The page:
The Sun, the Mirror and the Daily Mail all reported his emotive reasons for tackling hair loss. And they all lifted his surgery photos from Instagram. His previous documented visits to MHR Clinic ensured all publications could easily deduce where he got his new look.
Stones PR orchestrated four national newspaper articles around Simon King’s hair transplant, without him publicly endorsing the clinic. News of Simon’s hair transplant reached an estimated audience of 15 million readers and resulted in more than £55K of business for MHR Clinic.
STONES PR prepared and conducted a video interview with Adam Rickitt as he returned to UK TV screens for a role in the popular Channel 4 soap Hollyoaks.
Responding to lines of questioning, Adam became candid about the potential effect of hair loss on his acting career and how he had sought treatments to ensure he would still secure important roles.
The former teen idol agreed to a photo shoot. I put together a news-ready PR campaign, including video edits, a series of photos, a copy-rich press release and landing page for MHR Clinic’s website. A raft of social content was also produced.
With all content in the can, I travelled to London to strike an exclusive deal with Reach Plc for the campaign to run exclusively in four of its major news titles – The Mirror, Daily Star, Manchester Evening News and Birmingham Post.
As agreed, The Mirror’s article appeared on the publication’s home page banner which contained links to MHR’s website. That exclusive was then followed up by The Star, Manchester Evening News (in print and online), the Birmingham Mail, while the UK’s leading entertainment website Digital Spy also picked up and ran the story. All provided links to MHR’s website and posted on social channels.
Coverage reached more than 15m UK readers, generating more than £40K of business for MHR Clinic.
WHEN MHR Clinic called Stones PR, Premier League referee Mark Clattenburg was already a year since his transplant.
Worse, national media had picked up on his radical change, published it and people knew about his hair transplant.
The challenge was to make new news.
Mark’s clinic records and endorsement deal revealed photos of his two-day procedure and 8000 hair transplant.
I conducted an interview with Mark who relayed his story of hair loss. Pairing it with the surgery photos was easy.
A news-ready PR campaign included candid video interview, photos, a copy-rich press release, a website landing page and social media content.
The Daily Mail was approached as the campaign’s ‘lead steer’ guide the rest of the media pack. The paper used all of the surgery photos of Mark and generated response from The Sun, Scottish Sun and Irish Sun all of which asked for the content. FourFourTwo magazine, Yahoo Sports , SportReff and ESPN also ran stories. Spanish media outlets Mundo Deportivo, AS, Cuatro and Sport.es followed.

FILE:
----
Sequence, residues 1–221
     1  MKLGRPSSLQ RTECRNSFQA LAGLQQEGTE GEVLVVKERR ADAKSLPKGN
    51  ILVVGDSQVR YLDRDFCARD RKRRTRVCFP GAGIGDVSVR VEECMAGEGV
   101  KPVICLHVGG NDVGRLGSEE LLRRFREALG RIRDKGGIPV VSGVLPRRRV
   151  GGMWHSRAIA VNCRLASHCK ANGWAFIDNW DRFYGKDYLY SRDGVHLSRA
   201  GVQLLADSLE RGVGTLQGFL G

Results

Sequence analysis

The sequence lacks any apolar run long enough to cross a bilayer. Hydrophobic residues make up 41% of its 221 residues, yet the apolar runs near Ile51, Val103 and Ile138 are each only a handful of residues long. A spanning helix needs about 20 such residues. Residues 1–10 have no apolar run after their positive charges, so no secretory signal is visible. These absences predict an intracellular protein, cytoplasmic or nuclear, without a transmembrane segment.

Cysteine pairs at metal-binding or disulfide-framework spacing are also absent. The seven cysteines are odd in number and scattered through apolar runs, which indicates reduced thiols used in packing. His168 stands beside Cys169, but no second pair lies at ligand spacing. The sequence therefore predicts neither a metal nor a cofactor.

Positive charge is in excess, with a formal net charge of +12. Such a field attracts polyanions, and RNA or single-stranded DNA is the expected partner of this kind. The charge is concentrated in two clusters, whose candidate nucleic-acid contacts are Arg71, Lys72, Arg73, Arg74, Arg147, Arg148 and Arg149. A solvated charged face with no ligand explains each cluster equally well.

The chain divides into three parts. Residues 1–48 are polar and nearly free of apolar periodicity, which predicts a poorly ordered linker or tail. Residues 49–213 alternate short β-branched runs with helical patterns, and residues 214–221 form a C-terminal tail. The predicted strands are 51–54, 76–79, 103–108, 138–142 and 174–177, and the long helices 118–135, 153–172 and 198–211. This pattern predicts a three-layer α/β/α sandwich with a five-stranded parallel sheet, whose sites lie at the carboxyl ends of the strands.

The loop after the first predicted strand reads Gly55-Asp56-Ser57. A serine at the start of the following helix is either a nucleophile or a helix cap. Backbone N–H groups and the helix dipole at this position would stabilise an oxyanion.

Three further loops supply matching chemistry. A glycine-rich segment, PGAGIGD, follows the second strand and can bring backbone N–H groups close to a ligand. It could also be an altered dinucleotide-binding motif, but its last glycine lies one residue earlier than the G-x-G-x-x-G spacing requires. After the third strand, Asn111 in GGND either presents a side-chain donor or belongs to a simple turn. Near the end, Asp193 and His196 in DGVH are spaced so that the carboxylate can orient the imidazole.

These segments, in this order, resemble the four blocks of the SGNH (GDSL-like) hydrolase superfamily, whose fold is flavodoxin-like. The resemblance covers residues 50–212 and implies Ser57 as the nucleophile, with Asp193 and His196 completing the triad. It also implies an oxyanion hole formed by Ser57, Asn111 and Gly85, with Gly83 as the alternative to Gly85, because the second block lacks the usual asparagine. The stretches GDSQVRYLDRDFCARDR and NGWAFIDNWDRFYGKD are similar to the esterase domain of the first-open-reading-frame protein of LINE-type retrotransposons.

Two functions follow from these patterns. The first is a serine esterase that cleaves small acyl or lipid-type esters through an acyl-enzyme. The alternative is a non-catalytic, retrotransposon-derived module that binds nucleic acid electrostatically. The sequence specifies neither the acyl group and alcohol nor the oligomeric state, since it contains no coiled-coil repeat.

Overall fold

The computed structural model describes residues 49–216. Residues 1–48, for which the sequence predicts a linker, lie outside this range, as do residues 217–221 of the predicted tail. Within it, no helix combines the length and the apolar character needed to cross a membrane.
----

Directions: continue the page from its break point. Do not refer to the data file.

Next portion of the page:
Many traffic links to MHR Clinic’s website were established. Media titles circulated articles on their social media channels.
In total, Mark’s hair transplant reached a global audience of more than 65 million readers. The PR campaign generated more than £285K of business for MHR Clinic.
It was the PR campaign that put MHR firmly on the map.
AS A PARTNER in MHR Clinic, Ryan Giggs wanted to come clean about his hair transplant and medical hair treatments.
Him telling his story about his hair transplant would create huge interest and exposure for the clinic.
How mainstream media might relay the revelations was another matter.
Ryan had a chequered relationship with the press. Issues in his personal life now dominated his personal brand.
Orchestrating a campaign around the football legend’s hair transplant would need a deft touch.
Questions for interview were prepared, and vetted by Ryan. Videographer and photographer signed non-disclosure agreements. A date was set for interview at MHR Clinic.
Stones PR’s film recording and photo shoot were over within the morning before a meticulous weeklong edit began.
Three key video edits and a series of social media clips were produced. A copy-rich news release was edited hard to drive the narrative. A website landing page too.
Deals were struck with tabloid editors to sanitise coverage in return for the content.
Controlling the narrative was always the most important part of this high stakes celebrity endorsement campaign.
It mattered for Ryan, it mattered for MHR Clinic and it mattered for me.
Launch day soon followed and the results speak for themselves.
There’s much more to read about Stones PR’s handling of Ryan Giggs’ hair transplant publicity on this dedicated page here, containing all the candid content.